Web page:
Staying Informed: Facebook

From our counselor: Adolescents are impulsive in their actions, focused on connecting to peers and taking risks. Thank goodness! Otherwise they would never have the courage to face the very scary world we live in and eventually leave home. The challenge is that technology feeds all three of these, and the results are not always conducive to a healthy, happy childhood.

Today, when kids turn 13, it’s not just about being a teenager: it’s about Facebook. The Facebook policy requires users to be 13, and signing up for an account, with all the connectedness it offers, might be equivalent to the Quinciñera or getting to vote.

This is where you (the adults) come in. Just as we don’t give them the keys to the car and wish them luck on the highway, we wouldn’t give them access to the internet without so much as a couple hours behind the wheel.

So as a parent (or teacher), how do you talk to your kid (student) about using facebook?

  • Know it yourself – have a facebook page. The best way to understand the experience is to be a part of it. If you kid loved lacrosse, you would probably pick up a stick or watch a couple games just to get a sense of it. Friend your kid. DON’T POST ON THEIR WALL.
  • Go through the account settings. I think of these as what others see about me. There are a lot of settings – you don’t have to do it all at once.
  • Go through the privacy settings. I think of these as who sees what I post. There are a lot of settings – you don’t have to do it all at once.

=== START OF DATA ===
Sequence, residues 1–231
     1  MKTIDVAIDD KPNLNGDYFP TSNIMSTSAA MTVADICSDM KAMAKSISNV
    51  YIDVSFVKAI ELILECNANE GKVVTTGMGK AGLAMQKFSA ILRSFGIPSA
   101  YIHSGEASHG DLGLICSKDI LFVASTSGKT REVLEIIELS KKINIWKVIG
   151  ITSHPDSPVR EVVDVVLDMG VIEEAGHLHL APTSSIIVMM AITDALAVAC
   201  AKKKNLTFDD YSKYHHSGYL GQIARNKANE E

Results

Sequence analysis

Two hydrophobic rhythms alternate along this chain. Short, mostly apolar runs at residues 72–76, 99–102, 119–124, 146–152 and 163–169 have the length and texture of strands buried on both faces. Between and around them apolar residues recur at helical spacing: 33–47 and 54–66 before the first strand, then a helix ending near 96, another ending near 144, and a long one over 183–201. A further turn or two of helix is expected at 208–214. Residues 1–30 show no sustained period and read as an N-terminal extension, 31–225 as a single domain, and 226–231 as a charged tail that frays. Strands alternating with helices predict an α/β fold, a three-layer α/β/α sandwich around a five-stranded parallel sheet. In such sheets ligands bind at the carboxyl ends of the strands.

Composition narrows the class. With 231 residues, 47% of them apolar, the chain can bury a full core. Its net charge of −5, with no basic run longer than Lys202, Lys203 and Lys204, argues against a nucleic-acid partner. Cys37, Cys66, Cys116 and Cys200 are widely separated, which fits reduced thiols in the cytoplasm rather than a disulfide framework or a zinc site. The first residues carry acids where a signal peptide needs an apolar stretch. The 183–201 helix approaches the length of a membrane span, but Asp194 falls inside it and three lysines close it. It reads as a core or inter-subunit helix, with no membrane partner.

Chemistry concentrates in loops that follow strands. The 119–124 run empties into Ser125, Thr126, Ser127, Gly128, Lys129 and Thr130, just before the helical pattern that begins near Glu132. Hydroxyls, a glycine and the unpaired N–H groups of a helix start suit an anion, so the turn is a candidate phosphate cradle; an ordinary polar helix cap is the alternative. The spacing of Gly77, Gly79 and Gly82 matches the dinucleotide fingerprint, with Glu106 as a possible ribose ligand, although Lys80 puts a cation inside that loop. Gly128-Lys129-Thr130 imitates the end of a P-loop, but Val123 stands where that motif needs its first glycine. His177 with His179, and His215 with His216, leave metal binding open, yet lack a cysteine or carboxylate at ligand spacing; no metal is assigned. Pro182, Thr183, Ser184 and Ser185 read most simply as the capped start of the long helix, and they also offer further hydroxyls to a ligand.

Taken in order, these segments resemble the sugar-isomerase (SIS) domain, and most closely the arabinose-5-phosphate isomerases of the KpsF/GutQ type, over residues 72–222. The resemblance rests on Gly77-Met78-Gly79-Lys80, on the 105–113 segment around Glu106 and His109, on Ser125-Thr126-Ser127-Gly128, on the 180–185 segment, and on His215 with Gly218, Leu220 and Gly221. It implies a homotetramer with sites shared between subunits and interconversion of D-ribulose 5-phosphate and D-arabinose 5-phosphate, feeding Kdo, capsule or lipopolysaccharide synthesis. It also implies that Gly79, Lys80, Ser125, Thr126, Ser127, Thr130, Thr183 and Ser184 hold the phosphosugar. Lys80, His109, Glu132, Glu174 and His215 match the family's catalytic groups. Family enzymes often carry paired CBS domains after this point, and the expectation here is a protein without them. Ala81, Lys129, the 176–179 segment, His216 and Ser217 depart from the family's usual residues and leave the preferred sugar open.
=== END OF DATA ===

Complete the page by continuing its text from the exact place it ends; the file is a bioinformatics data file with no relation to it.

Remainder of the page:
• Show your child how to use the “View As” feature to see how their profile appears to the public or to their friends.

My mantra is that everything you share is PERMANENT & PUBLIC. Even on my personal account, I pretend my boss is looking over my shoulder. You never know who might see it.

Facebook is an amazing tool for connecting with friends and family across time and space. I play Scrabble against my mother who lives very far away, and it helps me feel more connected to her. On the other, if it becomes a world absent of adult guidance, like teenage drivers without navigation, it can become a tragic pile up of hurt feelings, broken friendships, and life-haunting videos from that one party in 8th grade.

Learning to manage social networks is a skill that kids need to be taught.

The first time I sat in the driver’s seat of my mom’s Pontiac Grand Am. It was the exhilarating taste of freedom. My mom worried that I would drive with the music too loud with my friends or not look all directions in the intersection. I was impulsive, peer-driven, and ignorant of the risks, but she sat next to me.